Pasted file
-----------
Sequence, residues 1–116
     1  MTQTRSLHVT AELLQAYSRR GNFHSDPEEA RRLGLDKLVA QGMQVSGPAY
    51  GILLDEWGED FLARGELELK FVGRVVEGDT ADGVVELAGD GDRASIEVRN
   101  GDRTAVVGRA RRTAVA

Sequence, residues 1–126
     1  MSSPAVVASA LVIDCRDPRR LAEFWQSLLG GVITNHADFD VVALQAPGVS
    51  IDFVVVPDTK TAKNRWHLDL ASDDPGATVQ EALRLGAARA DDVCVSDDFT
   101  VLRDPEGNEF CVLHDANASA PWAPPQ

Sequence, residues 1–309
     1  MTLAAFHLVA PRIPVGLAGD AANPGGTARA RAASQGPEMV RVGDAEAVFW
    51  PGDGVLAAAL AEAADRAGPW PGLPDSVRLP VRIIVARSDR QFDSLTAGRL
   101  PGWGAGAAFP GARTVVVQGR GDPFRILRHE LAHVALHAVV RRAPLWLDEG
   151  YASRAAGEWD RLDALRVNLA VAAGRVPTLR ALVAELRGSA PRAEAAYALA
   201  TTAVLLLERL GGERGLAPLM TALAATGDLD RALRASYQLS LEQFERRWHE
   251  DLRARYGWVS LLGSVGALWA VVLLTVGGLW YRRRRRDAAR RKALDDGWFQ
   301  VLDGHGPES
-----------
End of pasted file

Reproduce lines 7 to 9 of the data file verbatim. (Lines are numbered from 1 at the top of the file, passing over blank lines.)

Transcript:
    51  IDFVVVPDTK TAKNRWHLDL ASDDPGATVQ EALRLGAARA DDVCVSDDFT
   101  VLRDPEGNEF CVLHDANASA PWAPPQ

Sequence, residues 1–309